Pietilainen, K. H. et al. Association of lipidome remodeling in the adipocyte membrane with acquired obesity in humans. PLoS Biol 9, e1000623, https://doi.org/10.1371/journal.pbio.1000623 (2011).

  44. 44.

    Uchikata, T., Matsubara, A., Fukusaki, E. & Bamba, T. High-throughput phospholipid profiling system based on supercritical fluid extraction-supercritical fluid chromatography/mass spectrometry for dried plasma spot analysis. J Chromatogr A 1250, 69–75, https://doi.org/10.1016/j.chroma.2012.06.031 (2012).

  45. 45.

    Lee, J. W., Nishiumi, S., Yoshida, M., Fukusaki, E. & Bamba, T. Simultaneous profiling of polar lipids by supercritical fluid chromatography/tandem mass spectrometry with methylation. J Chromatogr A 1279, 98–107, https://doi.org/10.1016/j.chroma.2013.01.020 (2013).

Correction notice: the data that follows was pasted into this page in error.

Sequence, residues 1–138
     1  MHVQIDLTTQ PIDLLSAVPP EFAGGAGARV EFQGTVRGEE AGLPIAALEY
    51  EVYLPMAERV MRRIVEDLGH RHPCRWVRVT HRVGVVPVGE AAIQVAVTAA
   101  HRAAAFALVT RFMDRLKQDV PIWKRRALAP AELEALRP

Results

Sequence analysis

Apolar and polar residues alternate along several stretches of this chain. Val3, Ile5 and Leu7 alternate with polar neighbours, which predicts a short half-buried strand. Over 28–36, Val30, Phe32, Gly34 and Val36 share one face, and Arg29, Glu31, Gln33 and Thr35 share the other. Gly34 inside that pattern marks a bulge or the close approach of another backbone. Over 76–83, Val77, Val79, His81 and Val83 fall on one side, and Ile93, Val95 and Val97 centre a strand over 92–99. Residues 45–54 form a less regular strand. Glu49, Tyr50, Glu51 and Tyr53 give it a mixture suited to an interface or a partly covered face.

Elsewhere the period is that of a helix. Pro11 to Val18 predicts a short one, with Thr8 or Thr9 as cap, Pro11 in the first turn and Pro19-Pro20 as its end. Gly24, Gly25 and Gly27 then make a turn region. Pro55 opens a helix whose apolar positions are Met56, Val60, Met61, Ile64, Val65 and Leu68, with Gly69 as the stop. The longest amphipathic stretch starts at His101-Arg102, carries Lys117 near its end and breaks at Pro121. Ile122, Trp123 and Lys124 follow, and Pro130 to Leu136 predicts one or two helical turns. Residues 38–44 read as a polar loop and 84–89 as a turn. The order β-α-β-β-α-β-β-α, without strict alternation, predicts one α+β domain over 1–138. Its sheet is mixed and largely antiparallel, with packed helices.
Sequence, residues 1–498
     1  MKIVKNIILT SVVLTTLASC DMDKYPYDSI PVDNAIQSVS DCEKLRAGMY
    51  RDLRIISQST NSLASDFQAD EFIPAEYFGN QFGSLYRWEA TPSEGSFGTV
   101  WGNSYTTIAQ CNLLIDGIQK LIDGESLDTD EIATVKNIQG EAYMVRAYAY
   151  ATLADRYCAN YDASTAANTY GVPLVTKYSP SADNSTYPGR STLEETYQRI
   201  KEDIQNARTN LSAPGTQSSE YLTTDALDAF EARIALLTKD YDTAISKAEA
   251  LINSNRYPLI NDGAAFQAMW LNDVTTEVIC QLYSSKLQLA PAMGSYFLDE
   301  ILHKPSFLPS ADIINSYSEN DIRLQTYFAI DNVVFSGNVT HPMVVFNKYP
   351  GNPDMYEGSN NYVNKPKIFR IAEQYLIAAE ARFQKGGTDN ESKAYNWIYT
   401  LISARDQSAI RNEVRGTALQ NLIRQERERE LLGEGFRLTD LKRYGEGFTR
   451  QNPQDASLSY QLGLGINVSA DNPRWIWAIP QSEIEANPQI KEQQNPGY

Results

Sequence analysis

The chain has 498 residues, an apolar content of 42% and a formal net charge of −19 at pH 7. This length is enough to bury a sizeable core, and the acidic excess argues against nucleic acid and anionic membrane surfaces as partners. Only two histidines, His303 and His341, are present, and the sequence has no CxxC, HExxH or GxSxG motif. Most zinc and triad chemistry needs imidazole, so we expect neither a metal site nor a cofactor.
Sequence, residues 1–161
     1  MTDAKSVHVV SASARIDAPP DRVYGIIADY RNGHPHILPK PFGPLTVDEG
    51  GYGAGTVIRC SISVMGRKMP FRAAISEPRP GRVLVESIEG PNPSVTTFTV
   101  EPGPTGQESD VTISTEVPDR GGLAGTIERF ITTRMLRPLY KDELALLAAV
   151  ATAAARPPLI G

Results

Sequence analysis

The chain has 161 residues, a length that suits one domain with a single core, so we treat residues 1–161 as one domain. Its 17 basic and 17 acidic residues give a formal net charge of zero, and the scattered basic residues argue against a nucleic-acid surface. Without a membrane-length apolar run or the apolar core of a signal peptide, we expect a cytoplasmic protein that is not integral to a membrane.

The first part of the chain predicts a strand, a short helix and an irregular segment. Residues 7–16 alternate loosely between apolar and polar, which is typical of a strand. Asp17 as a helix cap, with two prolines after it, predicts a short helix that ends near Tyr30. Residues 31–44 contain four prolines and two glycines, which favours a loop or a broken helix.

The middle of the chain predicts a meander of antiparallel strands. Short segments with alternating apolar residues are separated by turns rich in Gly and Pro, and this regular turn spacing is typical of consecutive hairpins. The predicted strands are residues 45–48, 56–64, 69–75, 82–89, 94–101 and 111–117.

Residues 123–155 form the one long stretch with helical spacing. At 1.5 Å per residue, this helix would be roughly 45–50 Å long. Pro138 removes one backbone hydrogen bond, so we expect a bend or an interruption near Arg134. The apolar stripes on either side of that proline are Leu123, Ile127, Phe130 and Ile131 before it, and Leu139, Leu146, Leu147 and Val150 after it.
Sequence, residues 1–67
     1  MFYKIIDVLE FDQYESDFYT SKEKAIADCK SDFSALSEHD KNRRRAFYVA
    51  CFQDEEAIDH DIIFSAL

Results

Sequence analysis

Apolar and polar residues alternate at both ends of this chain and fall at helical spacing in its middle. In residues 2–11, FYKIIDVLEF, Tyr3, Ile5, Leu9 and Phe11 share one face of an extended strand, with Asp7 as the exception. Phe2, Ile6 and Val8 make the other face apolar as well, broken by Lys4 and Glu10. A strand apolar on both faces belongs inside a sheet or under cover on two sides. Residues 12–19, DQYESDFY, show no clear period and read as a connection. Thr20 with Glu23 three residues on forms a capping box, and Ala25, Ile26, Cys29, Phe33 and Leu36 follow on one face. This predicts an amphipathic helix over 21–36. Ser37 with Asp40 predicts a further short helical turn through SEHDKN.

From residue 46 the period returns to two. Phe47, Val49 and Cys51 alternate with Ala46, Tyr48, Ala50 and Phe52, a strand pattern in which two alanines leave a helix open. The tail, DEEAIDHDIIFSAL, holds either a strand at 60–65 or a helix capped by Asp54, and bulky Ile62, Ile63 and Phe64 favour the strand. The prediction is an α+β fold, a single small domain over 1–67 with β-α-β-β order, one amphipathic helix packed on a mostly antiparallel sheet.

46. 46.

    Bamba, T., Lee, J. W., Matsubara, A. & Fukusaki, E. Metabolic profiling of lipids by supercritical fluid chromatography/mass spectrometry. J Chromatogr A 1250, 212–219, https://doi.org/10.1016/j.chroma.2012.05.068 (2012).

  47. 47.

    Wendel, A. A., Lewin, T. M. & Coleman, R. A. Glycerol-3-phosphate acyltransferases: rate limiting enzymes of triacylglycerol biosynthesis. Biochim Biophys Acta 1791, 501–506, https://doi.org/10.1016/j.bbalip.2008.10.010 (2009).

  48. 48.

    Mauvoisin, D. & Mounier, C. Hormonal and nutritional regulation of SCD1 gene expression. Biochimie 93, 78–86, https://doi.org/10.1016/j.biochi.2010.08.001 (2011).

  49. 49.

    Takeuchi, K. & Reue, K. Biochemistry, physiology, and genetics of GPAT, AGPAT, and lipin enzymes in triglyceride synthesis. Am J Physiol Endocrinol Metab 296, E1195–1209, https://doi.org/10.1152/ajpendo.90958.2008 (2009).

  50. 50.

    Chen, H. C. et al. Increased insulin and leptin sensitivity in mice lacking acyl CoA:diacylglycerol acyltransferase 1. J Clin Invest 109, 1049–1055, https://doi.org/10.1172/JCI14672 (2002).

  51. 51.